Variation of GBS: Miller-Fisher Syndrome

Miller-Fisher syndrome represents a variation of Guillain-Barré syndrome. The classic clinical symptom triad is:

  • Ophthalmoplegia
  • Ataxia
  • Areflexia, associated with the detection of anti-GQ1b antibodies (ganglioside antibodies) in the serum

Weakness of the mimic muscles in the face is also frequent. Sometimes, paresis of the extremities occurs.

In the CSF, an increase in protein may be observed. Anti-GQ1b antibodies are detected in 90% of cases.

Distinction Features of GBS and the Miller-Fisher Syndrome

Guillain-Barré Syndrome Miller-Fisher Syndrome
Paresis Distally symmetrical, beginning at the feet Outer eye muscles
Mainly affected nerves Motoric Sensory
Type of lesion Demyelinating Axonal

Source: A. Bender et al.: mediscript Kurzlehrbuch Neurologie. Elsevier Verlag 2013. S. 320, Tab. 14.3. Variation of the GBS: Elsberg-Syndrome

Variation of GBS: Elsberg-Syndrome

Elsberg syndrome, or sacral radiculitis, is another variation of GBS. Elsberg syndrome also may occur after infections with herpes simplex, cytomegalovirus, or borrelia. Characteristic symptoms are:

  • Dysesthesia
  • Paresthesia in the areas supplied by peripheral nerves
  • Voiding disorder and rectal dysfunction
  • Sexual function disorders

Note: You should memorize the typical symptoms of the variations of GBS. This knowledge is important for considering and excluding them from the differential diagnosis.

Chronic GBS: Chronic-Inflammatory Demyelinating Polyneuropathy (CIDP)

Chronic inflammatory demyelinating polyneuropathy (CIDP) describes the chronic course of GBS. However, CIDP occurs very rarely.

Pathogenesis of CIDP

Similar to GBS, the pathogenesis of CIDP is not completely clear. One assumes that humoral and cellular factors of the immune response play a role. Like GBS, the symptoms occur due to demyelination and remyelination of the greater fibers. However, axonal lesions leading to denervation are more frequent in CIDP.

Clinic of CIDP

As defined, CIDP develops over the course of 8 weeks. Progressive, distal and proximal, symmetric muscle weakness occurs and can even lead to the loss of muscular proprioceptive reflexes. Sensory disorders can also occur. The autonomic nervous system, which is severely affected in GBS, is less severely affected in CIDP.

Frequency distribution of neurologic deficits:

  • Motor deficits: 94 %
  • Paresthesia: 64 %
  • Cranial nerve participation: 2-32 %

Diagnostic of CIDP

Slowing down of nerve conductivity and decrease in the compound action potential in electromyography show both demyelinating and axonal participation. F-waves are decreased or absent. Just like in the case of GBS and Elsberg syndrome, the protein concentration in the CSF is increased.

Therapy of CIDP

Concerning therapy, there is a distinct difference from the treatment for acute GBS: Steroids are used for the treatment of CIDP. Steroids decrease the expression of pro-inflammatory cytokines and inhibit T-cell production. The initial dose is 100 mg prednisone (consider osteoporosis prophylaxis), which is gradually reduced in the course and replaced by permanent immunosuppression if necessary (with cyclophosphamide or cyclosporine A). Also, immune adsorption and immunoglobulins are used.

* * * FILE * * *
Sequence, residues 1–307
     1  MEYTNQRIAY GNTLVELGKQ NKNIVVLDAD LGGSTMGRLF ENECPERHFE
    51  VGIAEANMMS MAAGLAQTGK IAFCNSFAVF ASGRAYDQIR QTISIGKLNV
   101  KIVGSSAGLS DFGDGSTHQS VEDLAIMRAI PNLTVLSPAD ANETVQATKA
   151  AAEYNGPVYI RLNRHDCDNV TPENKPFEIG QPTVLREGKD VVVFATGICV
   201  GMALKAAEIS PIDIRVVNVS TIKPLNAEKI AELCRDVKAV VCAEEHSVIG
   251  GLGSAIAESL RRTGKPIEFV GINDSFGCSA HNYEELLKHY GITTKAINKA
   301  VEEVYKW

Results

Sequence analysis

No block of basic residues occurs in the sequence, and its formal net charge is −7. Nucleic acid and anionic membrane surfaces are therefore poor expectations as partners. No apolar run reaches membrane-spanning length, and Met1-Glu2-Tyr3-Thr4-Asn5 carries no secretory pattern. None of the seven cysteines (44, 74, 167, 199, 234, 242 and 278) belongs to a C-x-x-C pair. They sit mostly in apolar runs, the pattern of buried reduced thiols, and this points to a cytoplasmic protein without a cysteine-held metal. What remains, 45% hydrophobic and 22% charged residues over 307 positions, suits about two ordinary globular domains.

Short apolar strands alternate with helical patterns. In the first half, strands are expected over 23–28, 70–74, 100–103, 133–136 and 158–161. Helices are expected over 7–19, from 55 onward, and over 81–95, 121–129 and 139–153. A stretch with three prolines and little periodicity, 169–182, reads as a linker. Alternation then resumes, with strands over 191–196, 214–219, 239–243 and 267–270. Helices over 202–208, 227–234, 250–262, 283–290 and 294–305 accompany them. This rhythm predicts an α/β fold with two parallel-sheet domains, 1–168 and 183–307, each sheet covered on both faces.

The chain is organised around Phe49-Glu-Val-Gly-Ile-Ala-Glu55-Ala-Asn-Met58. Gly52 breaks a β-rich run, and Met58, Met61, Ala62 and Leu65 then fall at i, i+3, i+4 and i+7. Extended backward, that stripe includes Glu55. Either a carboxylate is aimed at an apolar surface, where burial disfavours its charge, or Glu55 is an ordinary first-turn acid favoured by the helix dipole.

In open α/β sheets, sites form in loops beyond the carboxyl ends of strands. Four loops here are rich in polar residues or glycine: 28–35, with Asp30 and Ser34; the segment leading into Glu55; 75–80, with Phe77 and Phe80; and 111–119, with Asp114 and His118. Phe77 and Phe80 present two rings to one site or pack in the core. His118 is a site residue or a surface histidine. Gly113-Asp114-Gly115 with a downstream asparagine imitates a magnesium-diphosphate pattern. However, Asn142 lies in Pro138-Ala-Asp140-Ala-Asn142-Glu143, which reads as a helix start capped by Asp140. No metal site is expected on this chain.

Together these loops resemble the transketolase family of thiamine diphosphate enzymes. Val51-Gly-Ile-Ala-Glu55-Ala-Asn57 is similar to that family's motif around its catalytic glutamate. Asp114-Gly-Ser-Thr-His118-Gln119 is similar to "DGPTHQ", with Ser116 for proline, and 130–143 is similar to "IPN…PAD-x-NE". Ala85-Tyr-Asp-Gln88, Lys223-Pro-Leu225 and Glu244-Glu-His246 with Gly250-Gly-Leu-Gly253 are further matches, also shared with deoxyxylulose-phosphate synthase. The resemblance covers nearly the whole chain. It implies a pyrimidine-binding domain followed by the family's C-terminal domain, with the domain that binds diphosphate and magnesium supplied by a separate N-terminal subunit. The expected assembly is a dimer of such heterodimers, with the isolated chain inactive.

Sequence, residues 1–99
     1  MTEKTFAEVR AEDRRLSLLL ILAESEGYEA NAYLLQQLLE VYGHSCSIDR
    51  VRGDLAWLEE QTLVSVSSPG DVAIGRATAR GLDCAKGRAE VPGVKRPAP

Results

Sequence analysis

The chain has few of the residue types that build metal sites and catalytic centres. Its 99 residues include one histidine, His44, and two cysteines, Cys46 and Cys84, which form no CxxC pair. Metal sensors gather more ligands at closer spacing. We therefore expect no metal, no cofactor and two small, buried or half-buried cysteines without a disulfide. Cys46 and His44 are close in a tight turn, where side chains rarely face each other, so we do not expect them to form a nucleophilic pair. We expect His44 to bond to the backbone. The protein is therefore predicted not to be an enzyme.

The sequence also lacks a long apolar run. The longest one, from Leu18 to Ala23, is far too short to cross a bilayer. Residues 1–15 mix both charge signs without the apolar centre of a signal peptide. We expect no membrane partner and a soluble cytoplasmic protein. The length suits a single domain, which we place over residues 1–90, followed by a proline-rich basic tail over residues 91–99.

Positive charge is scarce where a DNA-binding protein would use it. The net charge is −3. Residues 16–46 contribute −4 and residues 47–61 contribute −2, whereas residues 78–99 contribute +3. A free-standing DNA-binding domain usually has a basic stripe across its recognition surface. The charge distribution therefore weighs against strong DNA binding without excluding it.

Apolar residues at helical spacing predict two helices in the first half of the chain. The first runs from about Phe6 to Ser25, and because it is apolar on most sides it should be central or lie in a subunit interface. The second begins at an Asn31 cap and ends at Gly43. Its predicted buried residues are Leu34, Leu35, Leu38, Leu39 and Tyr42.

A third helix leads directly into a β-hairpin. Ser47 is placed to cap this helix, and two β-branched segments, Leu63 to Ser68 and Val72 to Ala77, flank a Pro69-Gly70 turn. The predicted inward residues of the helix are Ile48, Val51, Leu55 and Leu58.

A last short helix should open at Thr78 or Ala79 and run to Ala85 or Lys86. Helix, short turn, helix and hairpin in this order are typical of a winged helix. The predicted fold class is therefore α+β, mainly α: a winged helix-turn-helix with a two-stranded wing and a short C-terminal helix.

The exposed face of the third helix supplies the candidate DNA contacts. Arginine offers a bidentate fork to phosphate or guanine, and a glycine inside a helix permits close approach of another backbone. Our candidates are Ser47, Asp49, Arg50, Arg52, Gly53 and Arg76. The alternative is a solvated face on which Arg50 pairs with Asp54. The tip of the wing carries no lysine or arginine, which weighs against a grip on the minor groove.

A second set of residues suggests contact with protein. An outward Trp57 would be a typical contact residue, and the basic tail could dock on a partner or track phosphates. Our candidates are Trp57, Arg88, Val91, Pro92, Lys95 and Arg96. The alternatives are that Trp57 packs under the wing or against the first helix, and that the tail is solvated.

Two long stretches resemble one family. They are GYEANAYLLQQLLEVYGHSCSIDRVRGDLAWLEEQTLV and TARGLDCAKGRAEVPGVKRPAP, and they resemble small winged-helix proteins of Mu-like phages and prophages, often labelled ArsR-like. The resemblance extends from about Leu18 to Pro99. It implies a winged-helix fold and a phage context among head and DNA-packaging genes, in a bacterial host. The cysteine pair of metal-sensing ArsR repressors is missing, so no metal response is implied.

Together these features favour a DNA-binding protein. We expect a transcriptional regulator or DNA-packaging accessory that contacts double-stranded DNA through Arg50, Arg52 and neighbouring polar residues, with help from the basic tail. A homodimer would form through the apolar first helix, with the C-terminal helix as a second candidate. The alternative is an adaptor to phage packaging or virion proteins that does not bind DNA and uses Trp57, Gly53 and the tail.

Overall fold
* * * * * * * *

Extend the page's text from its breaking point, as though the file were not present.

Variant of GBS: Multifocal Motoric Neuropathy (MMN)

MMN is an asymmetric variation of CIDP. Here, only the motor fibers are affected. Clinically, asymmetric reflex deficits and muscle weakness are typical. Because motor neurons are affected, the occurrence of atrophies and fasciculations is possible (often, the motor part of the ulnar nerve is affected initially).

Diagnostic findings at MMN:

  • Electrophysiology: isolated conduction blocks
  • Serology: in one-third of the patients, anti-GM1-antibodies are increased
  • CSF: protein is normal or slightly increased

Therapeutically, the short-term administration of cyclophosphamides or immunoglobulins is reasonable.

Note: The distinction of MMN from amyotrophic lateral sclerosis (ALS) is particularly important because the latter condition is significantly less treatable than MMN. Typically, patients describe the beginning of weakness in one hand with slow spread of the symptoms to other muscle groups and the involvement of additional extremities. These initial symptoms are strikingly similar to those experienced by patients with an ALS diagnosis.

Review Questions

The correct answers can be found below the references.

1. Which life-threatening complication is especially typical for polyradiculitis (GBS)?

  1. Brain stem function disorders with vigilance impairments and central respiratory disorder
  2. Electrolyte imbalance with cerebral seizures as a consequence
  3. Systemic toxin accumulation in liver and kidneys as a consequence of sepsis and shock
  4. Disorders of the autonomic cardiac innervation with the risk to develop dysrhythmia
  5. Acute bleedings in the subarachnoid cavity

2. Which finding is least characteristic for Miller-Fisher syndrome?

  1. Severely increased protein concentration in the CSF
  2. Ophthalmoplegia
  3. Loss of muscular proprioceptive reflexes
  4. Ataxia
  5. Epileptic seizures

3. What is no typical sign of Guillain-Barré syndrome in neurography?

  1. Elongated F-wave-latencies
  2. Increased persistence of the F-waves
  3. Slowing down of the distal motor latency
  4. Decreased velocity of nerve conduction
  5. Conduction block (as a sign of demyelination)